Hi there, this week we’re going to look at how to make your work stand out by the addition of a few simple steps which I have learned from experience will make your essay different from the rest and gain you the gloss that you need to be considered amongst the elite. So, read on
Good Openings: Why they matter
A professional writer will tell you that the first sentence that you write can “sell’ the whole piece or kill it stone dead. That is because the vast majority of readers decide whether or not to continue within the first minute.
Amazing that, isn’t it? But think about it: when you’re browsing a book or magazine you decide very quickly whether it’s interesting to you so trust your own instincts and make sure your work grabs and holds the reader’s attention.
Here are some tips for a good opening:
- Keep it short. Nothing is more off-putting than a long, drawn out opening.
- Get to the point. You can follow Kipling’s rule here (he was a journalist so he should know):
(They taught me all I knew);
Their names are What and Why and When
And How and Where and Who.’
- Look at Kipling’s key words, here: what, why, when, how, where, who.
- Each of these should be addressed in your first paragraph so your reader has the bones of your writing before you flesh it out.
Make It Special, Make it Different
Not easy, this one, as most essays ask you to write about familiar topics so being “special’ and “different’ has to come from the way you approach the topic. Start by thinking about the key words that are used in the essay question. These should always be the first thing you look at anyway because they inform and frame your essay.
So, if you are asked to “compare and contrast’ you will be taking a different approach from if you were asked to “examine’ or “discuss’. These are the basics, though, and I want you to look beyond that. We’re not trying to get you an average grade, here – we’re “going for gold’!
Therefore, you need to look at different ways in which you can interpret these key words to make your work both special and different.
Here are a few ideas:
- Think of the different ways you can compare and contrast, for example: look at the meanings of the words and ask yourself how you can apply them differently.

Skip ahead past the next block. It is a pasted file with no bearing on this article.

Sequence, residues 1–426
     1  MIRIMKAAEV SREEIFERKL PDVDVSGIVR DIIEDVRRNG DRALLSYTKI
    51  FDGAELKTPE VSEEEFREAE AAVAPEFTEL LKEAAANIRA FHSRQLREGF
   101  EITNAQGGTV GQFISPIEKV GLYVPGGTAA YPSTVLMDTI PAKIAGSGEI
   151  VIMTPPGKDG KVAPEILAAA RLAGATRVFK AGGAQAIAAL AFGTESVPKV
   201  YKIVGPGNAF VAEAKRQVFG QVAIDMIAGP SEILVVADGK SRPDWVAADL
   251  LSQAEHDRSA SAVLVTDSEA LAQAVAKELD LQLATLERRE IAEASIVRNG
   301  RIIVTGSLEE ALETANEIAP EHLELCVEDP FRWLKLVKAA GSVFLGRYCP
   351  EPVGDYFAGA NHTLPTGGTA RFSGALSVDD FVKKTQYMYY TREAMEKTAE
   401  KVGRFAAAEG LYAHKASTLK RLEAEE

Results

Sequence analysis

- For instance, you can compare based on text, character, facts, structure – or a combination of them all.
- Consider how the key words will function in your essay. Think about how they will link and how you can build on them.
- Think about your personal perspective and ask yourself how this can be built into the essay; don’t be afraid to let your reader know what you think but at the same time, let them know you know what others think, too!
Keeping Your Reader’s Attention
Once you’ve got your reader’s attention, hold it by never letting the topic flag:
- Keep sentences short and to the point.
- Embed your quotes so you are analysing whilst giving support to your argument.
- Make every sentence and paragraph count: each one should have punch and drive whilst simultaneously building the argument.
- Make sure your paragraphs link: end each paragraph with a hook into the next which you then pick up. This makes your argument structured and cohesive whilst at the same time keeping your reader interested.
Closing with Confidence
Many essays fall down because they have a weak ending. A conclusion should not just say “this is what I did’ it should say what you didn’t do, why, how you could do this in the future. Ending in this way lets your reader know that you’ve got more to say on the topic and that you’re not just happy to get it finished!
A Final Thought
Think about the fact that your tutor will be marking literally hundreds of essays on similar topics to yours: they are tired and fed up and possibly bored with the same old facts being churned out.
If you were that tutor, wouldn’t you give a student who tried that bit harder by following the tips above a better grade? So will they!